Moodie C, O’Donnell R, Fleming J, Purves R, McKell J & Dobbie F (2020) Extending health messaging to the consumption experience: a focus group study exploring smokers' perceptions of health warnings on cigarettes. Addiction Research and Theory, 28 (4), pp. 328-334. https://doi.org/10.1080/16066359.2019.1653861
Introduction: While most countries require health warnings on cigarette packs, the Scottish and Canadian Governments are considering requiring health warnings on cigarette sticks. Methods: Twenty focus groups were conducted in Glasgow and Edinburgh (Scotland) with smokers (n ¼ 120) segmented by age (16-17, 18-24, 25-35, 36-50, >50), gender and social grade, to explore perceptions of cigarettes displaying the warning 'Smoking kills' on the cigarette paper and any demographic differences in how smokers responded to these. Results: A warning on each cigarette was thought to prolong the health message, as it would be visible when a cigarette was taken from a pack, lit, left in an ashtray, and with each draw, and make avoi-dant behavior more difficult. That it would be visible to others was perceived as off-putting for some. It was felt that a warning on each cigarette would create a negative image and be embarrassing. Within several female groups they were viewed as depressing, worrying and frightening, with it suggested that people would not feel good smoking cigarettes displaying a warning. Within every group there was mention of warnings on cigarettes potentially having an impact on themselves, others or both. Some, mostly younger groups, mentioned stubbing cigarettes out early, reducing consumption or quitting. The consensus was that they would be off-putting for young people, nonsmokers and those starting to smoke. Conclusions: Including a warning on each cigarette stick is a viable policy option and one which would, for the first time, extend health messaging to the consumption experience.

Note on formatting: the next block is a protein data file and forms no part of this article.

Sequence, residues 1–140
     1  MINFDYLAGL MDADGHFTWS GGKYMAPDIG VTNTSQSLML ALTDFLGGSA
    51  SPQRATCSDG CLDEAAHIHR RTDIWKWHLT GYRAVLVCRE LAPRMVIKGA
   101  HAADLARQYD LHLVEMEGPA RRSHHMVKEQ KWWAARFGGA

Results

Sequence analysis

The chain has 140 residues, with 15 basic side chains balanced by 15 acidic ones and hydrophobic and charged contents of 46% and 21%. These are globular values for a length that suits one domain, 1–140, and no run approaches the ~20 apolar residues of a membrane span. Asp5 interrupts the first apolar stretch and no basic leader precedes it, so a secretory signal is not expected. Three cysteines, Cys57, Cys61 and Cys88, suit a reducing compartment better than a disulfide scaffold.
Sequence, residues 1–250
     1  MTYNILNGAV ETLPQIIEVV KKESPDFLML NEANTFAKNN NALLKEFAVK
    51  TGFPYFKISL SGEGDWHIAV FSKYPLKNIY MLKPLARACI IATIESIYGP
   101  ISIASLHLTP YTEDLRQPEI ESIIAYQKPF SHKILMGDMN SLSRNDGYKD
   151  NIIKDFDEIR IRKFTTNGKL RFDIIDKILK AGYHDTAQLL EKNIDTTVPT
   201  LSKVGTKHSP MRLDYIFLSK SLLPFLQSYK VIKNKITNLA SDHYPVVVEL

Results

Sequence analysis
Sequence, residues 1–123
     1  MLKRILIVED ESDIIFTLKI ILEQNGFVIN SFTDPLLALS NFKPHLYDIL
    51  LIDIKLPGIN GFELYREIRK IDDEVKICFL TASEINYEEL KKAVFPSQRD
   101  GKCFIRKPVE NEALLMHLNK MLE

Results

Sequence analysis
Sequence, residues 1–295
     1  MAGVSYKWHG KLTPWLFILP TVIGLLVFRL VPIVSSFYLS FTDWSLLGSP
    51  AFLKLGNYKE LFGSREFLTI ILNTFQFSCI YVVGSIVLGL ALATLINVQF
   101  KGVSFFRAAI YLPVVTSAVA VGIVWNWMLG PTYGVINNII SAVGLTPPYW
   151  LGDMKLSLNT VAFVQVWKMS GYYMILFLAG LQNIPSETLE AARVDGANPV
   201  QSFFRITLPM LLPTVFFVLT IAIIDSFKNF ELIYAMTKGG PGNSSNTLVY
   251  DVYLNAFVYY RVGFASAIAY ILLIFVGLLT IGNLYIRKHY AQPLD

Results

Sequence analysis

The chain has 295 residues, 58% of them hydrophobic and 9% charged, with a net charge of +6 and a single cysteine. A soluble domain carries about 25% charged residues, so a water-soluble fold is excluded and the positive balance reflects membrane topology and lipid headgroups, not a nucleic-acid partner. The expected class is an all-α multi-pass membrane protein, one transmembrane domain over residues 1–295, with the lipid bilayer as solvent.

Tobacco; health warnings; public policy
Addiction Research and Theory: Volume 28, Issue 4